There are limited plants of these varieties from which to source suckers for commercial production. Some growers have already obtained plants of DPM25, Formosana, CJ19 and GCTCV 119 under a Material Transfer Agreement for evaluation on their properties. This has allowed growers to assess the plants’ prospects.
DPM25, the variety developed by the then Queensland Department of Primary Industries (now known as the Queensland Department of Agriculture and Fisheries), was released commercially this year.
Unfortunately, many of these varieties have agronomic or postharvest defects. One of the varieties, Formosana, is quite prone to high levels of offtypes in tissue
culture plantings. This must be taken into consideration when interpreting its performance.
Some of these varieties are reported on in this edition of Australian Bananas as well as previous editions – see Australian Bananas Vol 41 pp 26-27, Vol 38 pp 14-15 and Vol 30 pp 30-31.
And the non-Cavs
There are just a few non-Cavendish varieties that we know of that have resistance or tolerance to TR4.
They include five hybrids from the Honduran breeding program, amongst them Goldfinger (FHIA-01), FHIA-18 (‘Bananza’) and FHIA-25 (cooking type).
Despite their high productivity, any prospects they have can only be described as niche. Goldfinger has already been released and can be obtained for commercial production. However, the variety has not so far achieved commercial success.
QDAF holds the FHIA licence in Australia for the other hybrids, so a commercial partner would be required to manage the FHIA lines if commercialisation is sought.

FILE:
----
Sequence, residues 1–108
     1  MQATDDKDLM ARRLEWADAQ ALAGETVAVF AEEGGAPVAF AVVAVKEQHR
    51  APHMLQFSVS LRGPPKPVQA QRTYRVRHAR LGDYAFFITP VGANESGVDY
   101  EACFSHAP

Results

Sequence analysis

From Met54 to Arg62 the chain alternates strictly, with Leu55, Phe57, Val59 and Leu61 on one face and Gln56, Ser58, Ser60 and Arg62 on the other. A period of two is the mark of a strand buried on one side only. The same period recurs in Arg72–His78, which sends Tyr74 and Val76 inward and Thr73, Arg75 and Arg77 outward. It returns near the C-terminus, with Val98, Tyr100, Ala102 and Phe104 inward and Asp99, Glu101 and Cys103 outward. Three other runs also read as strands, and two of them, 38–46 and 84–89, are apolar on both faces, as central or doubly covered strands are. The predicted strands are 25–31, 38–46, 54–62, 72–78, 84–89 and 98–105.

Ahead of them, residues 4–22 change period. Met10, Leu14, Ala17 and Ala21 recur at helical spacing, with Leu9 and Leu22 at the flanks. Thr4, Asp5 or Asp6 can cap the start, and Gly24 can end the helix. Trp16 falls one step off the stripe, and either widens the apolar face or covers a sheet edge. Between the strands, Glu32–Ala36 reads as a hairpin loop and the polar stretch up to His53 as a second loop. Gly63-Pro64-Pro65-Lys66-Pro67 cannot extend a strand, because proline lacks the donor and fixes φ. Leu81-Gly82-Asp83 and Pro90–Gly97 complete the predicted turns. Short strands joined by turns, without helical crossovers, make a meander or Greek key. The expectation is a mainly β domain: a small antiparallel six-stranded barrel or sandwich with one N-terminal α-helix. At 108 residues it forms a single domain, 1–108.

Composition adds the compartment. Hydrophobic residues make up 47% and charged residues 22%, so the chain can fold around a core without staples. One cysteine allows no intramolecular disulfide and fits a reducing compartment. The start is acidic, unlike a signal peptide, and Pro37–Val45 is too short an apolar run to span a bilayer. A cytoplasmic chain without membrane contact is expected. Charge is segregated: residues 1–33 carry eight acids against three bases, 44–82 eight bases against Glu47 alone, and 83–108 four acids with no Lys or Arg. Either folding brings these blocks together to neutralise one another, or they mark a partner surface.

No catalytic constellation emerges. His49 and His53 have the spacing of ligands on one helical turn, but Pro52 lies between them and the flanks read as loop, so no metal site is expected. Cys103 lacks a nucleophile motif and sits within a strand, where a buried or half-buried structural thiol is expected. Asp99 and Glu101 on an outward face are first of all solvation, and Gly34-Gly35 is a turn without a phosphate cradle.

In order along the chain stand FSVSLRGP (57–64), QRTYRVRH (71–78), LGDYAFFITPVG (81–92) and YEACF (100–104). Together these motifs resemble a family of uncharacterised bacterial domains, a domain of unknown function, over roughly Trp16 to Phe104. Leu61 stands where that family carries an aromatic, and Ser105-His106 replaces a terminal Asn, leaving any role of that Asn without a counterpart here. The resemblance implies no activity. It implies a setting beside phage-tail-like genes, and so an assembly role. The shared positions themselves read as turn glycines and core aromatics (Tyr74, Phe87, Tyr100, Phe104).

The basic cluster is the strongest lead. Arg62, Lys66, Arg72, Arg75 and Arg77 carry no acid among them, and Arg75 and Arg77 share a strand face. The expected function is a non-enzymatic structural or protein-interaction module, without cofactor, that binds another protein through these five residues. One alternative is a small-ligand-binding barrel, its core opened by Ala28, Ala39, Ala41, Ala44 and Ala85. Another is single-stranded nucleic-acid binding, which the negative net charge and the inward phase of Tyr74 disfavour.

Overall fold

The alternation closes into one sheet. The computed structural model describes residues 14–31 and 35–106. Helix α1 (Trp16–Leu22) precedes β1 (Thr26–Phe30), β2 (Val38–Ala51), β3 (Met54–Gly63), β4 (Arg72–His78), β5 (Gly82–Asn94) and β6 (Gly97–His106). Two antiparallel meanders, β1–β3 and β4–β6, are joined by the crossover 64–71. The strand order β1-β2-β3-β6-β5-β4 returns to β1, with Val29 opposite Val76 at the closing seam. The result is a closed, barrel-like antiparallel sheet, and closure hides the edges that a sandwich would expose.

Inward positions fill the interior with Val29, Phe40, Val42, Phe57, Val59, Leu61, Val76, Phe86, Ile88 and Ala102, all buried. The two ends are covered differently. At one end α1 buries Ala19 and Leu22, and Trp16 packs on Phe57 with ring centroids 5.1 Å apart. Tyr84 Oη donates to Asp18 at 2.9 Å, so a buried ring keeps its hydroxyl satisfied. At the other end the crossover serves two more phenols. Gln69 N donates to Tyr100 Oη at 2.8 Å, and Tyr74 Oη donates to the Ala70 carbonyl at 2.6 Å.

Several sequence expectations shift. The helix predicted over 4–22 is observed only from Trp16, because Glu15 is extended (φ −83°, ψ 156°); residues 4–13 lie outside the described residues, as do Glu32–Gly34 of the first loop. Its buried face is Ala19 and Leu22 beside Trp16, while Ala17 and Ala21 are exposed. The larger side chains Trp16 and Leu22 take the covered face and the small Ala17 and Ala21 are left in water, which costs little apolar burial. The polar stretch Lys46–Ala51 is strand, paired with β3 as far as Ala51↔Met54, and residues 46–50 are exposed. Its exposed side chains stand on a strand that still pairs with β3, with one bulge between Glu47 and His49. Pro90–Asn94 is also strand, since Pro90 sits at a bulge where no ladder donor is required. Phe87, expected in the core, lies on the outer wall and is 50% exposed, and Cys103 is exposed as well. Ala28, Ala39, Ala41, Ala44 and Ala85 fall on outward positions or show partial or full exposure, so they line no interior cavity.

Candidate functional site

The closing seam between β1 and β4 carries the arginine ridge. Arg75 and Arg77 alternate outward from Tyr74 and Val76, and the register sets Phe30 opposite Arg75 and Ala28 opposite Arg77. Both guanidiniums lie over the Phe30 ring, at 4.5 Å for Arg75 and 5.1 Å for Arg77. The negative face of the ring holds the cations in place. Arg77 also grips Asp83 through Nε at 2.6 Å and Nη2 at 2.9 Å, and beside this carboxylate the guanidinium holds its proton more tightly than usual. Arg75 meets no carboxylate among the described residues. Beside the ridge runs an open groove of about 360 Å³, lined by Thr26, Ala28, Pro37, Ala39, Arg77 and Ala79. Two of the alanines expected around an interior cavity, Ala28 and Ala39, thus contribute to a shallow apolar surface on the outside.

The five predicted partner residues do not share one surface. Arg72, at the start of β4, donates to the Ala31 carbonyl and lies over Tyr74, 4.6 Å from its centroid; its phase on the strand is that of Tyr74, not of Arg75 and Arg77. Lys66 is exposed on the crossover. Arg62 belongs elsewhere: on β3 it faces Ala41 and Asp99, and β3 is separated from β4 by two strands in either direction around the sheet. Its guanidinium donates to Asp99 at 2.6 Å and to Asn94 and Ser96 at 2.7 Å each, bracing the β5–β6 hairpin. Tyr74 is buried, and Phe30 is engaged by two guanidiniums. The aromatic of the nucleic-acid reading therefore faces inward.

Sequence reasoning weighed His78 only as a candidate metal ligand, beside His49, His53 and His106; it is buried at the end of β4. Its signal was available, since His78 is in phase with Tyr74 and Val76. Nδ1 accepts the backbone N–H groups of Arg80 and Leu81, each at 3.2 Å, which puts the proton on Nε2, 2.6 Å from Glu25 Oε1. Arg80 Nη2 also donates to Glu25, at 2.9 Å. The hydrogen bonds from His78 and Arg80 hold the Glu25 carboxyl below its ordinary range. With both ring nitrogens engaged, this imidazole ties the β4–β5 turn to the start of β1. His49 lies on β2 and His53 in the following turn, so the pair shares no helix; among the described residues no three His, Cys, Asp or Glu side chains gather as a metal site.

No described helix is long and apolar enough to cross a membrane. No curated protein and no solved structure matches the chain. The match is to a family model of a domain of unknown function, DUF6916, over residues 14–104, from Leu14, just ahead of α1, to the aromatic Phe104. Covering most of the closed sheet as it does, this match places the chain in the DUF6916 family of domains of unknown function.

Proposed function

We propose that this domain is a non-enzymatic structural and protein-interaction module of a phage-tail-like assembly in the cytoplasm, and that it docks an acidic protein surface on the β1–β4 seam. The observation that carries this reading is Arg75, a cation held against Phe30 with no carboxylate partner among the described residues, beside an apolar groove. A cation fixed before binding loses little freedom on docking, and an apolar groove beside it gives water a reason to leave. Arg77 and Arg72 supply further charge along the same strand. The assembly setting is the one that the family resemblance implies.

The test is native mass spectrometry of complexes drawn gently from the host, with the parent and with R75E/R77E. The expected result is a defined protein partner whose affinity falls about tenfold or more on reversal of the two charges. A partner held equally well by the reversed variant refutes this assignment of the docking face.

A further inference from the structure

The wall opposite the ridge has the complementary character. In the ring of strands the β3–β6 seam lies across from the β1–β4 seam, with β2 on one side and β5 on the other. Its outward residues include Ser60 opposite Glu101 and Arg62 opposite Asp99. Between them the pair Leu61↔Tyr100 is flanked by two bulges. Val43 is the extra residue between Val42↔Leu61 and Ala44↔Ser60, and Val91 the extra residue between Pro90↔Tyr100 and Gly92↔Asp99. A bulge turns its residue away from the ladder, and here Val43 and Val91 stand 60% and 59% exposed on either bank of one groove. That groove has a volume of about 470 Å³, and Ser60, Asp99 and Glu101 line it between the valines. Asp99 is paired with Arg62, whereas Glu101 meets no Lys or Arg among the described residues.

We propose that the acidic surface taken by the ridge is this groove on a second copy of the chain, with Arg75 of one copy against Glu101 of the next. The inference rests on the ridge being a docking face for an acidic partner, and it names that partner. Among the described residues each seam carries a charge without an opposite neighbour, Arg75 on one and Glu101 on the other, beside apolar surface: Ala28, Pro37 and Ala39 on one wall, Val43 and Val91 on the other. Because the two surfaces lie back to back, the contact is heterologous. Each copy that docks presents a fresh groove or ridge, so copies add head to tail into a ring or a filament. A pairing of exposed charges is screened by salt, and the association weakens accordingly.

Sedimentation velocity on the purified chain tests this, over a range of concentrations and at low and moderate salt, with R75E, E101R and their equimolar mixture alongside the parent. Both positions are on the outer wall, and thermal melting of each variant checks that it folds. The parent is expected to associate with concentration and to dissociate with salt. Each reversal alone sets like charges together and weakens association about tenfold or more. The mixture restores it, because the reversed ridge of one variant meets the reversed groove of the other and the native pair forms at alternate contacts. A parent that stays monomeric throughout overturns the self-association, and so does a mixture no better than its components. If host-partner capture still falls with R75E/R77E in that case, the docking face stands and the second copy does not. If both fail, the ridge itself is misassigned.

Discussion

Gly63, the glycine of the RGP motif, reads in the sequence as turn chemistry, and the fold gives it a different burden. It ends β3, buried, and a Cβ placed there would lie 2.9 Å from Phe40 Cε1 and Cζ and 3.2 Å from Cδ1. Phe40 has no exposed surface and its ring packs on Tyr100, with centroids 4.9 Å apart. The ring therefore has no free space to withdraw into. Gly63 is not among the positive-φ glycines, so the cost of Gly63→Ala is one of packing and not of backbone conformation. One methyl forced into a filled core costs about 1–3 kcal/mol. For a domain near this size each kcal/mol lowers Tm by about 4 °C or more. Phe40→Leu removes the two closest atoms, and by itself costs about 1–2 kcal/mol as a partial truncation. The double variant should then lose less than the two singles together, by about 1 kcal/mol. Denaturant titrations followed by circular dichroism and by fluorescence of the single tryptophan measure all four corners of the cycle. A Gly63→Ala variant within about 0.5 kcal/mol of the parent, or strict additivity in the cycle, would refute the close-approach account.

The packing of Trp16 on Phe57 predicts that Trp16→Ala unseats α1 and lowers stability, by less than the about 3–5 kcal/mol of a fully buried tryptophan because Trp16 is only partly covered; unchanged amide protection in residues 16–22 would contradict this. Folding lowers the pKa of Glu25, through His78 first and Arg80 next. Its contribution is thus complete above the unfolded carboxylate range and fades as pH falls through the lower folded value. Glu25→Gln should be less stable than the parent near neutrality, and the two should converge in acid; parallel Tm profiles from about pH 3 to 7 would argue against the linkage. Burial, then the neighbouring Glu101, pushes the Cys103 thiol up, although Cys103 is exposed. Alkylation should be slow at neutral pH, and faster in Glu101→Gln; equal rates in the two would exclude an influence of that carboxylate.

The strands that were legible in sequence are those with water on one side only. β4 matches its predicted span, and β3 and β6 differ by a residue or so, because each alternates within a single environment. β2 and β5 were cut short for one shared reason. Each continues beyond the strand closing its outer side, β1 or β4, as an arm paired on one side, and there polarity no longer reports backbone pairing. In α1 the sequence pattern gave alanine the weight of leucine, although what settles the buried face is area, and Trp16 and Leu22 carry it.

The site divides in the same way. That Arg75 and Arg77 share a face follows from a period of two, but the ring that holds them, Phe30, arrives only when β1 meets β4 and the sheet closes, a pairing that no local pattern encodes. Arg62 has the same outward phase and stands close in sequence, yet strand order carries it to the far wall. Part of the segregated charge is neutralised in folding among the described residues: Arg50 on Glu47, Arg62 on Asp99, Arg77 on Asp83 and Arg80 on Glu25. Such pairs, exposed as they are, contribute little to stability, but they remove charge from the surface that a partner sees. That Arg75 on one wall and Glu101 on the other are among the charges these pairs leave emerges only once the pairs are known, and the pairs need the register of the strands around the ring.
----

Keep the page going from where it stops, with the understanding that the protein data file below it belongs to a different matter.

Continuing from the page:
Other varieties with tolerance include Pisang Ceylan and Ducasse but their prospects also remain niche as far as the Australian market is concerned. It should be noted that Ducasse is highly susceptible to Fusarium wilt race 1 in the tropics and subtropics, as is Pisang Ceylan in the subtropics.
In overseas trials, plantains (like the Horn Plantain and Dwarf French Plantain we have in Australia) have shown some tolerance to TR4. Lady Finger, Pacific Plantain and Dwarf Red Dacca were all very susceptible in the NT screening trials.
Sucrier has not been screened against TR4 in the NT but the pathogen has been recovered from diseased plants of this variety in South East Asia.
In the pipeline
So far, there are six more Cavendish varieties identified as having potential from breeding programs in Taiwan, China and the Philippines. There is also potential for new hybrids from the FHIA breeding program in Honduras.
Of the six identified Cavendish varieties, three are now in Australia undergoing the required quarantine holding period.
These are from the Taiwan Banana Research Institute (TBRI) and are the Tai Chiao varieties numbered 3, 5 and 7. They were imported from Taiwan last August.
The Tai Chiao varieties are partially resistant, but we understand have much improved agronomic characteristics compared to Formosana.
Any potential future commercialisation of these lines will be subject to licensing and commercialisation to protect the intellectual property of the TBRI.
There are ongoing negotiations with breeding programs in China and the Philippines to trial in Australia selections of the other three Cavendish varieties showing tolerance to TR4. These include the Cavendish selections ZJ4 and ZJ6 and GCTCV 219.
We continue to seek the new Cavendish hybrids developed in the Honduran breeding program for evaluation in Australia – negotiations are ongoing.
These hybrids potentially offer not only resistance to TR4 but also to major leaf diseases. While TR4 is the major issue now faced by the Australian banana industry, we must not lose sight of other issues that the banana industry may face.